A pregnant woman from Honduras, who followed the Central-American migrant caravan, trespassed the U.S.-Mexico border and ended up giving birth to her second child in the United States.
Per a report by the Newsweek, the 19-year-old woman, identified as Maryury Elizabeth Serrano-Hernandez, crossed into the United States along with her husband (20), and her 2-year-old son on November 26. The U.S. Customs and Border Patrol agents had taken all three into custody.
While in custody, Hernandez — who was eight months pregnant — complained of abdominal pain after which she was shifted to a hospital where she gave birth to her second child. Although Hernandez, her husband and the other child entered the U.S. illegally, the baby born on U.S. soil is now an American citizen.
In an interview with Univision, Hernandez said that the birth of her second baby in the United States is a ‘reward’ for her because she traveled thousands of miles from her home country to make her way to the United States and seek asylum there.
Per a report by OAN, when Hernandez joined the migrant caravan to begin her journey, she was already more than seven months pregnant. The couple arrived in Mexico’s Tijuana in late November to join thousands of fellow migrants who had gathered around the U.S.-Mexico border in hopes of entering the United States.
Per the Newsweek report, President Donald Trump had earlier said that it would only take a signature to bring an end to the concept of birthright citizenship. He said that the concept of ‘catch-and-release’ should also be ended so that illegal aliens can be deterred from breaking the law and being rewarded.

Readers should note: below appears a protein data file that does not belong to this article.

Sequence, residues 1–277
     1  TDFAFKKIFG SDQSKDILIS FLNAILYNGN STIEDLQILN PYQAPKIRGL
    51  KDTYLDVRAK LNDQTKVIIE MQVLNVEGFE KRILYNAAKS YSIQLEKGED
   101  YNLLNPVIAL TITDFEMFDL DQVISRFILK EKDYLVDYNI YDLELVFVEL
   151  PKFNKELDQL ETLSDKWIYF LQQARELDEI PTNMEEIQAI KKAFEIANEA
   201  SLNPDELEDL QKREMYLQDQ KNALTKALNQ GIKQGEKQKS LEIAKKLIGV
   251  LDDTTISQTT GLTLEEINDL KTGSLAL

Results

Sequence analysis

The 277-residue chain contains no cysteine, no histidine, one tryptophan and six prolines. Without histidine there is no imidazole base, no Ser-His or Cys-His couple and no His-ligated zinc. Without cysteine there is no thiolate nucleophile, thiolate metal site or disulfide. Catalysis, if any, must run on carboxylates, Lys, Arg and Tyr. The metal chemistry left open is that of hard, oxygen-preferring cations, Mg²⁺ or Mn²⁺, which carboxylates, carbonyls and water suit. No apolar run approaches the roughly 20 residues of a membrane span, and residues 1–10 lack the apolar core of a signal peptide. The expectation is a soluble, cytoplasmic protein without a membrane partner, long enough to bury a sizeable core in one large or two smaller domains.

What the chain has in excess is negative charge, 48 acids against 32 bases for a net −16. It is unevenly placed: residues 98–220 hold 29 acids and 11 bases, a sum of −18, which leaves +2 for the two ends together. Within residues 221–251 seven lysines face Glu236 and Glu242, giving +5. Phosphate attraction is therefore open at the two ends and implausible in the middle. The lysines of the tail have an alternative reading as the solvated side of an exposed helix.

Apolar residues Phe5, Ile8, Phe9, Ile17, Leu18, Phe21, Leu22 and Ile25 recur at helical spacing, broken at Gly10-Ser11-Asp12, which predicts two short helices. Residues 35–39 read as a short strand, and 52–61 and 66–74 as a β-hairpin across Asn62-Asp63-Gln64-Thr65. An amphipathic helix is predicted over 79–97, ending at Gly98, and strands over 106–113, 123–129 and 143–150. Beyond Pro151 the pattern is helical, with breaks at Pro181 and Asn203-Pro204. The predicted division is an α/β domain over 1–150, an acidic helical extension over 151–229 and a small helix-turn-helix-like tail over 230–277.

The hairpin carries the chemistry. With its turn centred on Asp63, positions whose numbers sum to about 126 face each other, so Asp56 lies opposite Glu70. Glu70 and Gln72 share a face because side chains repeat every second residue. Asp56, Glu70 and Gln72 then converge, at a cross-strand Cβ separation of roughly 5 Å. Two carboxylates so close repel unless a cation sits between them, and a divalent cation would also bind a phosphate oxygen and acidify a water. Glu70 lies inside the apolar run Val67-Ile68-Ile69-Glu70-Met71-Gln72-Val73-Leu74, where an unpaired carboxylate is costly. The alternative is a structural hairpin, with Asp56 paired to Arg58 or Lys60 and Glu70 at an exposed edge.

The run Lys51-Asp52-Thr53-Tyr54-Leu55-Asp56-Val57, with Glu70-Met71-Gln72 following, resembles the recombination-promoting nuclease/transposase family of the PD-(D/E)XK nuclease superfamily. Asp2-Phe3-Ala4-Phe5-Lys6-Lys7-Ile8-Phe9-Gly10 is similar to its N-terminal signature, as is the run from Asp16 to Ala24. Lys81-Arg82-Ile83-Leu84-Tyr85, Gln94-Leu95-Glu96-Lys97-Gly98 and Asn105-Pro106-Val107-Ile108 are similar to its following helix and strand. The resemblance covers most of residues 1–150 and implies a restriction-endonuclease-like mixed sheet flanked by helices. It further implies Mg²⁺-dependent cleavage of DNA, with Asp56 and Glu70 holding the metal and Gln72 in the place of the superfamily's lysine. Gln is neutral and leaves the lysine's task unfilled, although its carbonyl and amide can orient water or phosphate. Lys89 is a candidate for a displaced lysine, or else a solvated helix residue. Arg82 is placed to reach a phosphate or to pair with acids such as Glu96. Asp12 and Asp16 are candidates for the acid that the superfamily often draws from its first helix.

Experts, however, have said that to abolish birthright citizenship law, it would take an amendment to the Constitution of the United States in order to “enact such a drastic change,” the report said.
The report further added that giving birth on U.S. soil has become a growing trend among immigrants who reside in the United States. According to a new research published by the Pew Research Center, “43 percent of households in 2017 that contained undocumented immigrants include U.S.-born children with birthright citizenship, compared to 32 percent in 2007.”
The case of Hernandez and her husband has also inspired many members of the caravan who have become frustrated by the strict procedures of applying for asylum. Per the Newsweek report, U.S. Border Patrol agents process about 100 requests per day, but there are more than 6,100 migrants waiting in a shelter in Tijuana.
As a result, many tried to cross the border illegally and have been arrested by Border Patrol, just like Hernandez and her family. The report further said that Hernandez, along with her husband and children, has been released from custody and are told to wait for their immigration to be processed.
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